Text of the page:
FOR IMMEDIATE RELEASE
On behalf of Martin Gugino, the seventy-five-year old peaceful protester who suffered a fractured skull after he was shoved to the ground by members of the Buffalo Police Department (BPD), lawyers from Lipsitz Green Scime Cambria LLP today filed a lawsuit against the city of Buffalo. The lawsuit asserts that the city of Buffalo and others violated the constitutional rights of Gugino, including his rights to freedom of speech, peaceful assembly, protest, movement, unreasonable seizures, freedom from the unlawful use of force by government agents, and due process of law.
The lawsuit, filed in the United States United States District Court for the Western District of New York, claims that the city enacted an “unconstitutional and draconian” week-long curfew, one “selectively enforced against peaceful protesters” like Gugino. Moreover, the defendants used “unlawful and unnecessary force” against the seventy-five-year-old Gugino in an effort to “suppress the exercise of his constitutional rights”.
On the evening of June 4th, the BPD deployed a 57-member militarized force called the “emergency response team” (ERT) to disperse three peaceful protesters, one of which was Gugino, sitting on the steps of City Hall. Minutes after the 8 pm curfew, a curfew Gugino’s attorneys claim is clearly “unconstitutional”, three members of the BPD forcibly pushed Gugino to the ground “without warning in violation of his clearly established constitutional rights guaranteed under the First, Fourth and Fourteenth Amendment to the United States Constitution.” Gugino then stumbled and fell backward, audibly cracking his skull on the pavement. Members of the ERT walked by Gugino as he lay unconscious on the ground, blood pouring from his head. Shortly afterward, the BPD released a statement that Gugino “tripped & fell.” Video of the incident quickly circulated around the world, however, that clearly contradicted the City and BPD statement.
Gugino was transported to Erie County Medical Center having suffered a concussion and fractured skull. He was initially treated in the intensive care unit and, after nearly four weeks, was released from the hospital.
Richard Weisbeck, one of the attorneys on the case, points out that, “Gugino became the victim of police brutality at the very moment he was peaceably and constitutionally protesting against police brutality.” According to Weisbeck, the lawsuit demonstrates that Gugino committed no crime and had a right to be protesting at that place and time. “Any statements to the contrary only serve to perpetuate and justify state violence against citizens,” he added.
Niagara square, where the incident took place, was intentionally designed as a public space for area residents to peacefully exercise their First Amendment rights to assemble, speak, and seek redress of grievances in public places. Since at least as far back as 1763, it has been a gathering place for Presidential visits, civil rights protests, vigils, protests against the federal and state governments, and more. Considering this history, the lawsuit states, Niagara square is a publicly owned place, one in which the Supreme Court, in Shuttlesworth v. City of Birmingham, asserted the right of free expression. If a person is faced with a law that restricts free expression in these places they may ignore it, according to the Supreme Court, as long as they are “peaceably” assembling to picket, protest, or distribute handbills.
“Let us not forget Sen. Ben Sasse (R-Neb.) recent words” said Melissa Wischerath, co-counsel for Gugino, “that the five freedoms enshrined in the first amendment – speech, religion, press, assembly, and protest – are clustered together because they are interconnecting. You do not have freedom of speech unless you have freedom of protest. By assaulting Martin Gugino as he peacefully protested in Niagara Square, the City and BPD attacked Martin Gugino’s most fundamental rights as an American. If any one person’s rights are suppressed by the state, it harms all of us by eroding the foundation of our constitution.”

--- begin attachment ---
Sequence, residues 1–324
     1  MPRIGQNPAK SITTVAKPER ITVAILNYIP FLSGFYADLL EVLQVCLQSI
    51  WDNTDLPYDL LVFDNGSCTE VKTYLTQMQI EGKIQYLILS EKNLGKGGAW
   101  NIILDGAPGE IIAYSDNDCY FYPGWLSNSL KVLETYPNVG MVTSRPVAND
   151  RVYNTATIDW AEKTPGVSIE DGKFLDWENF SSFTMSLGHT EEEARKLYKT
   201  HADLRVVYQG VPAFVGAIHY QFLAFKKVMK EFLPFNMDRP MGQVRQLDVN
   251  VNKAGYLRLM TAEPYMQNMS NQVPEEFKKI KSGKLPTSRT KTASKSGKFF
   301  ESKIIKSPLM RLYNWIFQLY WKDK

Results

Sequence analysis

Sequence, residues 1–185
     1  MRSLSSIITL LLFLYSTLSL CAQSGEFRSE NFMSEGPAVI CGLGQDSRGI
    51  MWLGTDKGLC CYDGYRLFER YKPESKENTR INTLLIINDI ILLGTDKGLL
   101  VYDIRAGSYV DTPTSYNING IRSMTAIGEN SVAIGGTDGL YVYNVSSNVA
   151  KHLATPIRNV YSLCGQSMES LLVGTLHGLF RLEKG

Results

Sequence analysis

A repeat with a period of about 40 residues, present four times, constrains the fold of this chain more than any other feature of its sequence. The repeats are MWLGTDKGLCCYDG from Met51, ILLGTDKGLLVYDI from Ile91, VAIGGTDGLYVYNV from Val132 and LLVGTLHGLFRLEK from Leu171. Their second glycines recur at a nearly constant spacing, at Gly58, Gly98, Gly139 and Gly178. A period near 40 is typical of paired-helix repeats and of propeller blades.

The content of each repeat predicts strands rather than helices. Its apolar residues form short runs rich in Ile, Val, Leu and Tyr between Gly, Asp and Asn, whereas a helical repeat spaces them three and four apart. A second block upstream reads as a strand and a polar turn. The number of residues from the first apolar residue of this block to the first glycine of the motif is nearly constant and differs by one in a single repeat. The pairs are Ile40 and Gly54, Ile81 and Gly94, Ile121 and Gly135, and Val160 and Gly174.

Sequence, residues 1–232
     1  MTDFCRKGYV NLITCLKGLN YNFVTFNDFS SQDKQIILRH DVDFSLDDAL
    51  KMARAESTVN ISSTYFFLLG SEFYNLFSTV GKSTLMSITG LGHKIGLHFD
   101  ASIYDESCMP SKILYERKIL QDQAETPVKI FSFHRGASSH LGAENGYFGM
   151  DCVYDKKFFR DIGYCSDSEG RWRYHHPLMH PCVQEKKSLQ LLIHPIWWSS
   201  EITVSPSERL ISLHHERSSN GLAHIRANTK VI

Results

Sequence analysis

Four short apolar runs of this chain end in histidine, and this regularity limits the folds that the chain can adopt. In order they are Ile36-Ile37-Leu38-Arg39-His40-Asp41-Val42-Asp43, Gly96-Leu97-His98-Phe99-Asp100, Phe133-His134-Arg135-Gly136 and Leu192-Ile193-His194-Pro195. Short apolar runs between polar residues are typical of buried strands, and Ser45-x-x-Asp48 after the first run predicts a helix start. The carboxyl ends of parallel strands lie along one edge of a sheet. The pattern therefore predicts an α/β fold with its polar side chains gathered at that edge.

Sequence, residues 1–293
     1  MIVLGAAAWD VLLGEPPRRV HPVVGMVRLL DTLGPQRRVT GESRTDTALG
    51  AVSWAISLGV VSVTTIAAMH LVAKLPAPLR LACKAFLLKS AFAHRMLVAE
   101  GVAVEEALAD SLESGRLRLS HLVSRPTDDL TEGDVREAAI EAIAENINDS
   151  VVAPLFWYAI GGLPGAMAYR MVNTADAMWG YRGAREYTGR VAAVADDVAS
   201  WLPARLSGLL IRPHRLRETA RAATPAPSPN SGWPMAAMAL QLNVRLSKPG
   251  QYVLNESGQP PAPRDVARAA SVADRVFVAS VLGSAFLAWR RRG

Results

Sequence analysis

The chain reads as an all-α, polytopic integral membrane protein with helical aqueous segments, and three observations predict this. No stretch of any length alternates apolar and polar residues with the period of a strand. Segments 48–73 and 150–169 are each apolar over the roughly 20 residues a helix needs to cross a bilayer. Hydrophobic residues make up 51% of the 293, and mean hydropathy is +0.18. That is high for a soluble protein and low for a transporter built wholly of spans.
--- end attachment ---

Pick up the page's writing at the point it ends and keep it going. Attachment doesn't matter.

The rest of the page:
Gugino was assaulted within minutes of the 8 pm curfew, one imposed by the city two days earlier when Mayor Brown instituted a city-wide one-week curfew of all “nonessential pedestrian and vehicular traffic” from June 2 until June 8, during the hours of 8 p.m. until 5 a.m. This curfew is in clear violation of the designated public forum doctrine. Content-based restrictions on speech in public forums are strictly scrutinized, and none is permitted by the First Amendment except as necessary to serve a compelling state interest and only when narrowly drawn to achieve that end and where it is the least restrictive means to achieve that compelling state interest. In Shuttlesworth v. City of Birmingham, 394 U.S. 147, 150-151 (1969), the Supreme Court held that subjecting the right of free expression in publicly owned places to the prior restraint of a license, without narrow, objective, and definite standards, is unconstitutional, and a person faced with such a law may ignore it and exercise his First Amendment rights. As long as people “peaceably” assemble to picket, protest, or distribute handbills, the state may not penalize the assembly.
Weisbeck added, “If the roles were reversed, and Gugino pushed a BPD officer who then fractured his skull, he would have been immediately indicted, and for good reason.”
Moreover, when instituting the curfew Mayor Brown declared that, “the BPD has been instructed not to unnecessarily detain any person out for a legitimate purpose.” Yet, according to the lawsuit, despite this instruction from Mayor Brown, the BPD demanded that citizens disperse during curfew hours upon threat of arrest and use of force even though they had a “legitimate purpose” to peacefully assemble and demonstrate against police brutality and police misconduct.